The Obama administration unveiled a website Tuesday that will shed some much-needed light on Big Pharma's relationship with doctors. Just not quite today.
Called Open Payments, it's a tool authorized by the Affordable Care Act that offers details on payments that drug companies and medical device makers give to physicians and medical school teaching hospitals.
The aim is to enable people to discover whether the doctors and hospitals they visit may have motives other than patients' best interests when they choose one drug or medical device over another that may be better or cheaper. Drugmakers have even been fined for making illegal payments to doctors to promote prescribing their medicines.
It's the largest attempt yet to reveal the financial ties between medical providers and the health care firms peddling their wares, and includes compensation that those companies give to doctors and hospitals in things like speaking and consulting fees, travel to industry conferences, and free meals.
For now, the database only includes a few months' worth of payments, and has other shortcomings that won't allow patients to fully vet their doctors and hospitals.
"This is an opportunity for the public to learn about the relationships among health care providers, and pharmaceutical and device companies,” Marilyn Tavenner, administrator of the Centers for Medicare and Medicaid Services, said in a press release.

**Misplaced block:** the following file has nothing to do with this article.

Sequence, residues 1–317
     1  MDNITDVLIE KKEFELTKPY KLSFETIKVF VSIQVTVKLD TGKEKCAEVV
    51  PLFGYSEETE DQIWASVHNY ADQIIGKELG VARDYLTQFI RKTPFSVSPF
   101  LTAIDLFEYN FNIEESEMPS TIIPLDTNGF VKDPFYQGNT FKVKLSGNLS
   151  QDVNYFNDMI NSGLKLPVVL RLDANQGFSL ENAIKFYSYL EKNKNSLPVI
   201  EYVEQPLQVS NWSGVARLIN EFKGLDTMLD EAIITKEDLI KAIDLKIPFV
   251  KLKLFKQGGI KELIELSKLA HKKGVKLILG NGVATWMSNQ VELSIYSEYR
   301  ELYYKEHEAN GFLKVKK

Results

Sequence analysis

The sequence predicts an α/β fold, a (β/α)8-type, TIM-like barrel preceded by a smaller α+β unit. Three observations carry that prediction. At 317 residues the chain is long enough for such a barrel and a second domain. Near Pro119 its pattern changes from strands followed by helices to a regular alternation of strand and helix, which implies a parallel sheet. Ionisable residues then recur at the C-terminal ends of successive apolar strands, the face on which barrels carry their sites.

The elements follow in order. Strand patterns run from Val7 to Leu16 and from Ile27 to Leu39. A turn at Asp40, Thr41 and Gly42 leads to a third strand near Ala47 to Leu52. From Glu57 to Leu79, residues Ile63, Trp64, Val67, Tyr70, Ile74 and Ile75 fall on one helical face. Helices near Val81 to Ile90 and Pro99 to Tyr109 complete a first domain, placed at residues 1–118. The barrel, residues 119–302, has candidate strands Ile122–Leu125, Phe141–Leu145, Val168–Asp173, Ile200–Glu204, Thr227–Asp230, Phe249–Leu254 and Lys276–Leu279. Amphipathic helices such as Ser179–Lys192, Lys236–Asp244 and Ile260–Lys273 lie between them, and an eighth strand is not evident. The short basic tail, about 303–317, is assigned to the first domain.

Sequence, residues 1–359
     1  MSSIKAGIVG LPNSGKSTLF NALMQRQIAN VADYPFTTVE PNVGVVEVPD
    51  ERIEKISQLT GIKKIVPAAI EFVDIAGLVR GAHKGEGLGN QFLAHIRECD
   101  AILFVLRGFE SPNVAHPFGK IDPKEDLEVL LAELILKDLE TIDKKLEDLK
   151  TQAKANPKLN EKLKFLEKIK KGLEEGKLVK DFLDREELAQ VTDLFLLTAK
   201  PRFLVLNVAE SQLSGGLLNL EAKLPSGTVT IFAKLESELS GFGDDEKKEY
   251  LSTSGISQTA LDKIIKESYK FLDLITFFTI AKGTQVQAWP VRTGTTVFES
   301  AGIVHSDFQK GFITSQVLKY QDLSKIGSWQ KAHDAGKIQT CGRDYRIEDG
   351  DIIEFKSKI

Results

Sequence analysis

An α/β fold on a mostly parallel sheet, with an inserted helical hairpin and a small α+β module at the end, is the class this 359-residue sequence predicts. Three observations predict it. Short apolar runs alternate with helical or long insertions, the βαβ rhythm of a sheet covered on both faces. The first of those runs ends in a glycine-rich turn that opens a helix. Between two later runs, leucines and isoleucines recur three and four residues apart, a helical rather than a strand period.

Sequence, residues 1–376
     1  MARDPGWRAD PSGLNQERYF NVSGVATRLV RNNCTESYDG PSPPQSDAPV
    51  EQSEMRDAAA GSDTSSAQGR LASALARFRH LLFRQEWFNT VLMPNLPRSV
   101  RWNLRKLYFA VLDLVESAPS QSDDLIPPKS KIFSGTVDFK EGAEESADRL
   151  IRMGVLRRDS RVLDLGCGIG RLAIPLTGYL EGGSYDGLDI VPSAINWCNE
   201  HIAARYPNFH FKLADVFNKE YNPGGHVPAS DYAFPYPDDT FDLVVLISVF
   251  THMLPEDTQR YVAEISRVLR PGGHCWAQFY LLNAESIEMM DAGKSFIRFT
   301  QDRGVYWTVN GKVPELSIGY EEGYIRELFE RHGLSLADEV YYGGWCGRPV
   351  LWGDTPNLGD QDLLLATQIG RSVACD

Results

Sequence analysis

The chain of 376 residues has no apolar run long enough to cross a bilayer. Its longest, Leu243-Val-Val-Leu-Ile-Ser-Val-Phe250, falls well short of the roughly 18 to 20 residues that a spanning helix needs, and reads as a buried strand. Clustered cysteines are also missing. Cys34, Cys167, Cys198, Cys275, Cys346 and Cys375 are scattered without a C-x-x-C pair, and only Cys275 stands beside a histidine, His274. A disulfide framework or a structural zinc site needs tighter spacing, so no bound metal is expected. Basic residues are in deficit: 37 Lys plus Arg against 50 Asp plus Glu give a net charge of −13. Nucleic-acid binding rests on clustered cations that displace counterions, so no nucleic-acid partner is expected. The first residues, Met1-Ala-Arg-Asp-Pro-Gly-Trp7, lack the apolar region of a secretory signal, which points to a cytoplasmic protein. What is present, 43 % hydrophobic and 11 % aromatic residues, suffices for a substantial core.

This first release of payments information reveals drug and device makers made 4.4 million payments to 546,000 doctors and more than 1,300 teaching hospitals from August through December of last year. In total, the payments were worth about $3.5 billion. The Centers for Medicare and Medicaid Services will add more numbers in the coming weeks, according to a press release. The first full-year accounting of payments won't come out until June. Drug and device companies are required to disclose this information under Obamacare.
The idea for Open Payments originated as the so-called Physician Payment Sunshine Act, the brainchild of lawmakers led by Sen. Chuck Grassley (R-Iowa) and then-Sen. Herb Kohl (D-Wis.) in 2007. Eventually, patients will have a clearer understanding of where their doctors' and hospitals' financial interests may lie.
In addition to promoting transparency in general, making these payments public also may serve to reduce potential conflicts of interest by making health care providers think twice before accepting money from those companies.
But the first set of numbers in this huge new database only includes payments from a five-month period, which limits patients' and researchers' ability to track how closely tied one doctor or teaching hospital may be to the drug and device industries.
What's more, flaws in the data, which forced President Barack Obama's administration to delay the publication of these numbers, persist. As a result, there are payments not included in the database, and other information is listed without the names of the providers.
In short: You can search for your doctor or local teaching hospital, but the information you find might be incomplete, or even inaccurate.
ProPublica, a nonprofit journalism organization that maintains its own database of health care company payments to medical providers, offered a list of important reasons to be cautious about the numbers released Tuesday. The American Medical Association expressed similar misgivings. The AMA had called for the launch of the database to be postponed, as did the drug and device industries.
And if you do decide to start punching names into Open Payments, don't expect a Google-like experience. This is ProPublica's Charles Ornstein, a Pulitzer Prize-winning expert on data journalism and the subject of pharma and device payments to health care providers: